The Andrew Steele murder trial got underway on Monday April 6, 2015 in the Dane County Courthouse. In his opening statement to the jury, Assistant District Attorney Anthony Jurek accused the defendant of premeditated double murder. According to the prosecutor, Mr. Steele had lied to investigators, and had staged his wife's murder scene to fit his story of having kinky sex with her and her sister. (I have no idea why the defendant felt the need to push this story.)

     Defense attorney Paul Barnett had changed his client's initial not guilty pleas to not guilty by reason of mental disease. Because ALS is not a psychiatric disease and the defendant had been early in the diagnosis, this was a highly unusual and legally inappropriate defense.

     Attorney Barnett told the jury that the defendant had kinky sex with his wife, an encounter that had gone terribly wrong, Although the defendant killed his wife, he had no memory of committing the act.

     The lead detective on the case took the stand for the prosecution and testified that physical signs of struggle throughout the house were not consistent with the defendant's story of a three-way suicide pact. Crime scene photographs revealed that the suspect had given detectives different false accounts of the killings. Moreover, the bedroom scene looked staged. According to the detective, on the day before the murders, the defendant had purchased two 8 pound bags of charcoal and a can of lighter fluid.

     The deputy medical examiner testified that Ashlee Steele's body contained several defensive wounds and did not contain evidence of recent sexual activity.

     A state psychiatrist testified that in his expert opinion Andrew Steele and his wife had not engaged in unconventional sex. A DNA expert said that blood on the defendant's 9mm pistol came from the defendant and Kacee Tollefsbol.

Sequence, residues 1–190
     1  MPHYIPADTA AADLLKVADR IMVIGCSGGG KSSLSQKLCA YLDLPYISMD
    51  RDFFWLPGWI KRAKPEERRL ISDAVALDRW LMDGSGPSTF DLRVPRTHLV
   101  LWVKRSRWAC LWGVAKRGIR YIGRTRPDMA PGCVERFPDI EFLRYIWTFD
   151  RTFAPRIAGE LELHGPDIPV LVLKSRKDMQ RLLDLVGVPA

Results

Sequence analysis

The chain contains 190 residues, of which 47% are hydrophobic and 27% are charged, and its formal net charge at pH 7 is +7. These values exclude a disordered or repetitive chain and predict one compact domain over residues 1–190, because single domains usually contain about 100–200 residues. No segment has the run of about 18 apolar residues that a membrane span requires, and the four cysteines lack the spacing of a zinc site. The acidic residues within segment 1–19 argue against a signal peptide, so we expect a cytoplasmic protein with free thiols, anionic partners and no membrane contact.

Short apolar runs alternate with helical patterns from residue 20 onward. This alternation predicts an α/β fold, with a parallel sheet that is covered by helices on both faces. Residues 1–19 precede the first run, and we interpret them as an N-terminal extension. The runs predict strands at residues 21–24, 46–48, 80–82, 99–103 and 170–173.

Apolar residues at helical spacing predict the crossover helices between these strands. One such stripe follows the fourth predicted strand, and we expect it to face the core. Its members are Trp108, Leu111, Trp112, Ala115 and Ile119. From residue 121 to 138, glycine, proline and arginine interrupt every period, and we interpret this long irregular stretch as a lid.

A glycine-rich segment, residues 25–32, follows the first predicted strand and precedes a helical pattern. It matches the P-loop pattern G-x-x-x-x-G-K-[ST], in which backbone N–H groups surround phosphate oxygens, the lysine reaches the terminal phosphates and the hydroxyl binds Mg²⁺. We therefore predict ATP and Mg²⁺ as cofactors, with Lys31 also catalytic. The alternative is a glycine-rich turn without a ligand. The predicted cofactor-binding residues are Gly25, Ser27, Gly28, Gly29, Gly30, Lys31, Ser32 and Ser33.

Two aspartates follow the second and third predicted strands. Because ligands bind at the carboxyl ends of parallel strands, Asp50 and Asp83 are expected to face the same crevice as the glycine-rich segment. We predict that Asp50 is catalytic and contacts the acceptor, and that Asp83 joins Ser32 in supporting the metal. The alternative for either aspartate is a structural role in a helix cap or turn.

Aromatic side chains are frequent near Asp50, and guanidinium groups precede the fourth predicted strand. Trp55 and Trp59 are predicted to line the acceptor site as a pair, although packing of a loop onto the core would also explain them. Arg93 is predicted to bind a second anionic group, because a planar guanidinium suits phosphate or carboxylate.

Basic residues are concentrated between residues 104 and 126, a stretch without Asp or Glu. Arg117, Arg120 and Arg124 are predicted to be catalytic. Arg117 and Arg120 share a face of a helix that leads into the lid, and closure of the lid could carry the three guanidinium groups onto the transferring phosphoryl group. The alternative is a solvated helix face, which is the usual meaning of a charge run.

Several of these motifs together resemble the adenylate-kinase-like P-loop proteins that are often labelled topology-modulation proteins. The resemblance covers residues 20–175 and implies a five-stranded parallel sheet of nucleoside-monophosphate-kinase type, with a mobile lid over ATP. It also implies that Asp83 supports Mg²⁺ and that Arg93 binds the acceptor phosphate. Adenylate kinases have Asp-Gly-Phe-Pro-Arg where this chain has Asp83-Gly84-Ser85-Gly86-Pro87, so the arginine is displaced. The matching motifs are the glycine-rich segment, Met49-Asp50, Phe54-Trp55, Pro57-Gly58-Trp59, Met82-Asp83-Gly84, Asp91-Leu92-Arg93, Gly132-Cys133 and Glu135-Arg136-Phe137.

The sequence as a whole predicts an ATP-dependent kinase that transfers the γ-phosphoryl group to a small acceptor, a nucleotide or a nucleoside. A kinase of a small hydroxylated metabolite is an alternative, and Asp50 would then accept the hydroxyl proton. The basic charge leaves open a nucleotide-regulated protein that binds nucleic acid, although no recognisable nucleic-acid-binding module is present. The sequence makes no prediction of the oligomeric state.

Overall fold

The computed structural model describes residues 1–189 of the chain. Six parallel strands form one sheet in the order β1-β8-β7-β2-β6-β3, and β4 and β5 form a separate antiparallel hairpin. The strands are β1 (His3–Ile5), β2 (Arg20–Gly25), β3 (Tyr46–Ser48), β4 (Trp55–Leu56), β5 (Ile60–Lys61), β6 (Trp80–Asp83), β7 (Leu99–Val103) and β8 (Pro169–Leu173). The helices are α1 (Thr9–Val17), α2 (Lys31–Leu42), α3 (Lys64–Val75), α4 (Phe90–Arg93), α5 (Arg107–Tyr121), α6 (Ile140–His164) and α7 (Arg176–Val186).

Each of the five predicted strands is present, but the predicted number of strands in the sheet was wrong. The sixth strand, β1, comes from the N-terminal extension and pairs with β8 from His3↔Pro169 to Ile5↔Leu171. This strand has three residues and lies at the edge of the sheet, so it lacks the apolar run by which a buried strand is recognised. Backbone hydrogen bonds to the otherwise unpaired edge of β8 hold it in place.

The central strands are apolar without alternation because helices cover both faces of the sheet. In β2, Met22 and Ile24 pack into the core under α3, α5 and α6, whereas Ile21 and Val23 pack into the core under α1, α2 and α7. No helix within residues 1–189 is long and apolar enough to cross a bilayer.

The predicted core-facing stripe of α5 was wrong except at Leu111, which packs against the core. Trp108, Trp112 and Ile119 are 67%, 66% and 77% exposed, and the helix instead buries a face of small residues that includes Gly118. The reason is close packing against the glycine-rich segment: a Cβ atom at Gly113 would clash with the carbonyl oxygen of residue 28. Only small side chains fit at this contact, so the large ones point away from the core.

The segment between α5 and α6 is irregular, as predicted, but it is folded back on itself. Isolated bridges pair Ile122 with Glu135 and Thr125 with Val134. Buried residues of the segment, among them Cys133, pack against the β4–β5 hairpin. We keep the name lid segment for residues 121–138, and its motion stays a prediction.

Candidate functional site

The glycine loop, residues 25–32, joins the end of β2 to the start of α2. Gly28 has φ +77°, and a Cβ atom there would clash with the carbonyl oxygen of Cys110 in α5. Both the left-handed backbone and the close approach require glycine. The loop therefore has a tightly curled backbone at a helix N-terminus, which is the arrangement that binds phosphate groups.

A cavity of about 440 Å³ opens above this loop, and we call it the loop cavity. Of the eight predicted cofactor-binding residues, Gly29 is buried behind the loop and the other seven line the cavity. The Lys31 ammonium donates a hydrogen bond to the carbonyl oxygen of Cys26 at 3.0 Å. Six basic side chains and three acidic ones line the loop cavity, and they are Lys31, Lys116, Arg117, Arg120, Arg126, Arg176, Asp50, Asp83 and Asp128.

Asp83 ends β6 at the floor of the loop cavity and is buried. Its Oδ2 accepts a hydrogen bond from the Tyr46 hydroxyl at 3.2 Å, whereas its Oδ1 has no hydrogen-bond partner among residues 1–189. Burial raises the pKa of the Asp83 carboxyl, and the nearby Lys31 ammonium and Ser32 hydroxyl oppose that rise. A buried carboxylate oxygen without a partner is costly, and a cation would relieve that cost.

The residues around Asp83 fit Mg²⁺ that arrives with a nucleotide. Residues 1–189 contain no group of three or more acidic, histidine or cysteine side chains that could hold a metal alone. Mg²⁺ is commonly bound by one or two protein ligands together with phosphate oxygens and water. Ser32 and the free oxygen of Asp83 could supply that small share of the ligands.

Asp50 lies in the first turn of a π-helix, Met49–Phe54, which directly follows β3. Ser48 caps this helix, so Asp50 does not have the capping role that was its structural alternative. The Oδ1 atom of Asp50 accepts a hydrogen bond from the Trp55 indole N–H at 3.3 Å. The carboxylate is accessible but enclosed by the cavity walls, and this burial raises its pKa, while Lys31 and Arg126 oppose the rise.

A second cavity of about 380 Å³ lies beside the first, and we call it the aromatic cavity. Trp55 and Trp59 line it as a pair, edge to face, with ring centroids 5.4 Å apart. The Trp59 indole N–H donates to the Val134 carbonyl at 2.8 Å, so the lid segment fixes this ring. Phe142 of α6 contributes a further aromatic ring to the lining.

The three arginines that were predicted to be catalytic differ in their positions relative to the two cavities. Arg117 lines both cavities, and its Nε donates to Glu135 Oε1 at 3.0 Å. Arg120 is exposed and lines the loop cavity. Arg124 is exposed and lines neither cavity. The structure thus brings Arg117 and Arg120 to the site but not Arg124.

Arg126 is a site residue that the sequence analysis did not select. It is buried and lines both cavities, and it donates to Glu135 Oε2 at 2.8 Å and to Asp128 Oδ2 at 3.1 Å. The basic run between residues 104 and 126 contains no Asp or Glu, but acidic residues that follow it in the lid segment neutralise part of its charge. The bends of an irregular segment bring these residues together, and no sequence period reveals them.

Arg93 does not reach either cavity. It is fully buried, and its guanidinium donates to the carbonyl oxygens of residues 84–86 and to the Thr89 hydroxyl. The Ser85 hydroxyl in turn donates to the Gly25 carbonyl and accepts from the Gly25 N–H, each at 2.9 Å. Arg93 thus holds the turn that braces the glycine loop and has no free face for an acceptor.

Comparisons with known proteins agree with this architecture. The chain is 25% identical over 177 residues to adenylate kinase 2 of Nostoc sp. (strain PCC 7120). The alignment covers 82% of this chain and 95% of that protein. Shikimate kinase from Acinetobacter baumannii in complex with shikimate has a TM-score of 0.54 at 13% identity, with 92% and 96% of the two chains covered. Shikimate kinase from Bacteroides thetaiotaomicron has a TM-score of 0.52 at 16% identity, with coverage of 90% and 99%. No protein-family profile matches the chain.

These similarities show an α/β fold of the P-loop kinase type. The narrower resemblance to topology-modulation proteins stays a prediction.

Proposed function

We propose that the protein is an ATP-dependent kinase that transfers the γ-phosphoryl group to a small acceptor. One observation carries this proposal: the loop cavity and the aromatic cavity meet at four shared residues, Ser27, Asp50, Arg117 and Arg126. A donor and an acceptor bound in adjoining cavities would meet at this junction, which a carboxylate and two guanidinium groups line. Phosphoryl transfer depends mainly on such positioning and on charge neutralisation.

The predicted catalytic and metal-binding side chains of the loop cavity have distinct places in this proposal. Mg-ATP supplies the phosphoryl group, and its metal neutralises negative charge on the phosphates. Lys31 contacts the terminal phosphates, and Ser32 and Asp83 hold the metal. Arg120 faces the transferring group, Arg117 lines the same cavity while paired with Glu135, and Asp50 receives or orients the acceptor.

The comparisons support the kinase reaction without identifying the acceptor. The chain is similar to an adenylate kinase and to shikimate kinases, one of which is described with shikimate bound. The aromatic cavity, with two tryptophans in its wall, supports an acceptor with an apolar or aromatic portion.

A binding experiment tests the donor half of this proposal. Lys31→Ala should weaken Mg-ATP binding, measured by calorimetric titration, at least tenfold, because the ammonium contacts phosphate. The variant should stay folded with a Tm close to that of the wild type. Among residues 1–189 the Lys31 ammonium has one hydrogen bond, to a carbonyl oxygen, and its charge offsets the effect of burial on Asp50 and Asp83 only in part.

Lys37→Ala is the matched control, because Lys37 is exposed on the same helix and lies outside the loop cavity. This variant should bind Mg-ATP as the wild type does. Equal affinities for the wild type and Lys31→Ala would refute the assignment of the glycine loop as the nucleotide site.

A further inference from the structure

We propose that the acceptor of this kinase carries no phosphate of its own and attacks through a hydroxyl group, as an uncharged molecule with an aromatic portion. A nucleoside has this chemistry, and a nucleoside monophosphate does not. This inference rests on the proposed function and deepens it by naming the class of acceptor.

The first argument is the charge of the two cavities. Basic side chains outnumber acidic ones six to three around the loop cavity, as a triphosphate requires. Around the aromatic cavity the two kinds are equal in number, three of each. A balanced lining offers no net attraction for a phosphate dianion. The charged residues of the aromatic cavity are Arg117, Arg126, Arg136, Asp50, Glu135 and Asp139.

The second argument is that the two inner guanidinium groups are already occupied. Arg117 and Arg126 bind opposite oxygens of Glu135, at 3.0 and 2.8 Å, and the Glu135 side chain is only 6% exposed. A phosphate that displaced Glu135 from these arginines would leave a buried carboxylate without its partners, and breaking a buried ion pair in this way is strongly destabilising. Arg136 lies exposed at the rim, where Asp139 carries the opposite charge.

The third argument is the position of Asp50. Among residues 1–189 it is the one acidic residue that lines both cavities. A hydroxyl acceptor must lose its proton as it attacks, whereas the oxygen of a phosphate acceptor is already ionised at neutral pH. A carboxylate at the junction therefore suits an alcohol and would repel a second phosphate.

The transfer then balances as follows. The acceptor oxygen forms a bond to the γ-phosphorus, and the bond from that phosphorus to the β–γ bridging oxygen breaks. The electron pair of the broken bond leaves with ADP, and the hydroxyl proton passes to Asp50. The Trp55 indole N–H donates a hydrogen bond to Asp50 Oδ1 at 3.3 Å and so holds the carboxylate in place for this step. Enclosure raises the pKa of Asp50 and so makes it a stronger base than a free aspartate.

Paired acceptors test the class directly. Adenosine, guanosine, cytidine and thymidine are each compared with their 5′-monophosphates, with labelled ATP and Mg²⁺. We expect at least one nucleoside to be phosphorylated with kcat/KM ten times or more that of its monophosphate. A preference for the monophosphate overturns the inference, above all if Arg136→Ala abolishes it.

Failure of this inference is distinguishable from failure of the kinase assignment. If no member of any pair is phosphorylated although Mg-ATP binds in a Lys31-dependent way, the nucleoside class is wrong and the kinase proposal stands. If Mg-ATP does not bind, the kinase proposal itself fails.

After the prosecution rested its case, attorney Barnett put the defendant's parents on the stand who said their son had never been a violent person. A defense neurologist testified that there is a connection between ALS and a tendency toward violence. On cross-examination, the prosecutor asked the doctor, "Do many ALS patients commit homicide?"

     "No."

     "Are there many cases of violent acts?"

     "No, again," said the witness.

     Dr. Douglas Tucker, a forensic psychiatrist, testified how ALS deteriorates the brain.

     On April 20, 2015, following ten hours of deliberation, the jury returned its verdict. Ten of the twelve jurors found the defendant guilty by reason of mental disease. The judge committed Andrew Steele to the State Department of Health Services for the rest of his life.

     There is a lot about this case I do not understand. I don't understand the insanity plea as well as the verdict. Mr. Steele was not psychotic when he murdered his wife and sister-in-law. He knew exactly what he was doing. His behavior was deviant, yes, but he had the necessary criminal intent. I also don't know why the defendant went to the trouble of staging his wife's murder. And what was behind all the business about a suicide pact? There is something missing here. What an odd and tragic case.

Wednesday, July 8, 2020

The Christian Jose Gomez Murder Case

      Marua Suarez Cassange, 48, lived with her two sons in a house in Oldsmar, Florida, a town of 13,000 not far from Tampa Bay on the Gulf Coast. At seven-thirty on New Year's Eve 2014, Cassange's older son, Mario Gomez, called 911 after the 26-year-old made a shocking and gruesome discovery in the yard outside his house.